Winds of Asia draws onlookers, but TIFF in decline
TOKYO — “Why bother to go to the Tokyo Intl. Film Festival?,” a Korean producer was asked by his friends when he told them about his travel plans. “It’s better to visit the much smaller but well-managed competitor Tokyo Filmex. At least they show important films from Asia.”
In the end, the Korean visitor came to Tokyo and reconfirmed what everybody has known for years: The Tokyo fest (Nov. 1-9) continues to decline in status and importance, and no major breakthrough seems in sight.
“But their Winds of Asia sidebar is interesting,” says the producer.
At the moment, the sidebar is the fest’s best chance to recapture some momentum.
While the official competition and the special screenings show either pics that have had several festival outings before reaching Tokyo or that have Japanese distribution in place and been held back for a festival screening (such as the long-delayed “Finding Nemo” as closing film), the Winds Of Asia section succeeds on two fronts: The films are mostly by young talent from Asian countries, and this year they are not the usual festival fare already shown at other events.
“I know that it’s easier to go to other festivals and choose films there,” says Winds of Asia programmer Sozo Teruoka, a film critic specializing in Asian films, “I wanted to have fresh films, something new.”
Teruoka succeeded for the most part this time around. He spent long weeks in China this summer viewing potential contenders. The result: a 13-feature program offering five pics from China, among them Zhang Yuan’ s new and more commercial outing “I Love You” as well as two from Taiwan, one of them by arthouse darling Tsai Ming-liang.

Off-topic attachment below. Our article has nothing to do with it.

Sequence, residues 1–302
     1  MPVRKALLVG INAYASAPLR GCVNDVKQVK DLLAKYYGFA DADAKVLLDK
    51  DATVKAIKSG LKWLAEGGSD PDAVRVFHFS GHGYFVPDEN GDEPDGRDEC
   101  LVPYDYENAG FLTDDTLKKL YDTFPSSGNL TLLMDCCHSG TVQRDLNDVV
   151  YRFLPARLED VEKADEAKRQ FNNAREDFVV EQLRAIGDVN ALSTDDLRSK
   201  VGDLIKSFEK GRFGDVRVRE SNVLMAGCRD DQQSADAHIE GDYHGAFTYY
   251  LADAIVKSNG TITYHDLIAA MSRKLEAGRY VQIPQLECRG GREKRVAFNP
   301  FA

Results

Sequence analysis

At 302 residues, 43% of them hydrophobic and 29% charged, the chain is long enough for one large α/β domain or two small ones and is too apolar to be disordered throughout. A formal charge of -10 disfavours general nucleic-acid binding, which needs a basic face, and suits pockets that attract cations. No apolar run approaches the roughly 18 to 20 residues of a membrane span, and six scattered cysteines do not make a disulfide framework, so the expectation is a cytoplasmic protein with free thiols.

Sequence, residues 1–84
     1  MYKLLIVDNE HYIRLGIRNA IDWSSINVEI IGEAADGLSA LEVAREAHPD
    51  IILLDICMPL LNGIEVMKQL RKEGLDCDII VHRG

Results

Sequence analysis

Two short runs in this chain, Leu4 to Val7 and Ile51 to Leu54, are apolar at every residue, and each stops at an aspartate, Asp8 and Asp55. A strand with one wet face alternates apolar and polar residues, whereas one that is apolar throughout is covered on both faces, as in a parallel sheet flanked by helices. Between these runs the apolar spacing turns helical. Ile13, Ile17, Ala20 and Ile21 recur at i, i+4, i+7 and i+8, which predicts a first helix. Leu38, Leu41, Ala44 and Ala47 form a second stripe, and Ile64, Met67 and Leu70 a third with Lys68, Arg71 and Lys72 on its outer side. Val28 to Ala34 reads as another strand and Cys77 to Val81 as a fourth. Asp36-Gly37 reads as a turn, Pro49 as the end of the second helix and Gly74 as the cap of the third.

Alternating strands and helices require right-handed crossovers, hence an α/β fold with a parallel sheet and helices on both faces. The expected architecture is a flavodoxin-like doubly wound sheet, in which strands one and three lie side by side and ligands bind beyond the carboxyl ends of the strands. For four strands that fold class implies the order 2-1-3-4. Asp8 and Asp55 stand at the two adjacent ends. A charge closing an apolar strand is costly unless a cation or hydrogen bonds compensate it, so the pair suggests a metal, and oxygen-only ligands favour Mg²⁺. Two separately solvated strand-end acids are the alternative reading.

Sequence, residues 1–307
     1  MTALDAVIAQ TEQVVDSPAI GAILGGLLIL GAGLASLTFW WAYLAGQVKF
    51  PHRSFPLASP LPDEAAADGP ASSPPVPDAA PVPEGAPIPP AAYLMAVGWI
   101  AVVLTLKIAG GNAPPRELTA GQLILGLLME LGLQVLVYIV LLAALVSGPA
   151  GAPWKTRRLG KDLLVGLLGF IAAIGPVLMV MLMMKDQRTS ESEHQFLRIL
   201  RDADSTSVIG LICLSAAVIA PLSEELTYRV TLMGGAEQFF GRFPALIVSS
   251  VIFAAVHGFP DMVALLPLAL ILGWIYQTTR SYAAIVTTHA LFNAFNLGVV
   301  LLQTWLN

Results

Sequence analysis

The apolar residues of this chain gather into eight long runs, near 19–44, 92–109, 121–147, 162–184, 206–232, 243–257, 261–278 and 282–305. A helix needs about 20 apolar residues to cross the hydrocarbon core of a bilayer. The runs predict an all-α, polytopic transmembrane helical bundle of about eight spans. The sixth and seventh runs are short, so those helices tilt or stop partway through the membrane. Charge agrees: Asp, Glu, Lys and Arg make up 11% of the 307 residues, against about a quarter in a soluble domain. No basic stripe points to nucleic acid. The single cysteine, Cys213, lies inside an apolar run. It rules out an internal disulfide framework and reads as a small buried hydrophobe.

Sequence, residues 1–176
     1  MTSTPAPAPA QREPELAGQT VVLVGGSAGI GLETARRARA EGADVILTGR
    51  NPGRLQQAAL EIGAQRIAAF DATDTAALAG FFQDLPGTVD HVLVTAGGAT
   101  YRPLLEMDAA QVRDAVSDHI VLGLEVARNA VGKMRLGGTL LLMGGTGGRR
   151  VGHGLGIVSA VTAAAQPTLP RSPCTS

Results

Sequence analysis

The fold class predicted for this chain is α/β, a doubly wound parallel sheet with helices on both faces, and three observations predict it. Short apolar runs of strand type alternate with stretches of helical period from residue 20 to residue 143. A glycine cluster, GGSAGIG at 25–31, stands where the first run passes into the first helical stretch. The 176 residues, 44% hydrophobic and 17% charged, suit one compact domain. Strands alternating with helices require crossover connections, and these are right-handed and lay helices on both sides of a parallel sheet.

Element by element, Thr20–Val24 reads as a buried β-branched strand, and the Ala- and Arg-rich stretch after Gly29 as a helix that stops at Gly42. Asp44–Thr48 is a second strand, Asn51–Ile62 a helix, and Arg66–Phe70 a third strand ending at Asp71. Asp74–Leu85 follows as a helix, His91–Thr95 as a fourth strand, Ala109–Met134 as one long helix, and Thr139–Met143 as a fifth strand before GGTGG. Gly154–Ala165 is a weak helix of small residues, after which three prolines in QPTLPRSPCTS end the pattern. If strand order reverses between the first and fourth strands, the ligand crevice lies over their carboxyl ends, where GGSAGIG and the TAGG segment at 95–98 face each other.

The Thai film “The Adventures of Iron Pussy” has its world premiere at the fest. Korean smash “Memories of Murder” as well as one entry each from India, Singapore and the Philippines round out the program. A ¥1 million ($91,750) Asian Film Award goes to the entry with most nods from a local jury.
Besides having to struggle with the archaic structures of the Tokyo fest, where committees still hold more power than programming directors, Teruoka must keep an eye on two other strong contenders. One is the Pusan Intl. Film Festival in Korea, held Oct. 2-10, which remains the mecca of Asian filmmakers and has long eclipsed all other Asian festivals; and the other is up-and-coming Tokyo Filmex unspooling for the fourth time on the heels of TIFF Nov. 22-30.
Both Pusan and Filmex have established themselves as major showcases for new Asian productions, the latter at least local for Japan. A third festival window on Asian film trends could have trouble surviving.
And a Tokyo film producer thinks fest brass aren’t particularly interested in new Asian talent: “They want Hollywood, then major Japanese films by big local studios, and not so much other Asian films.”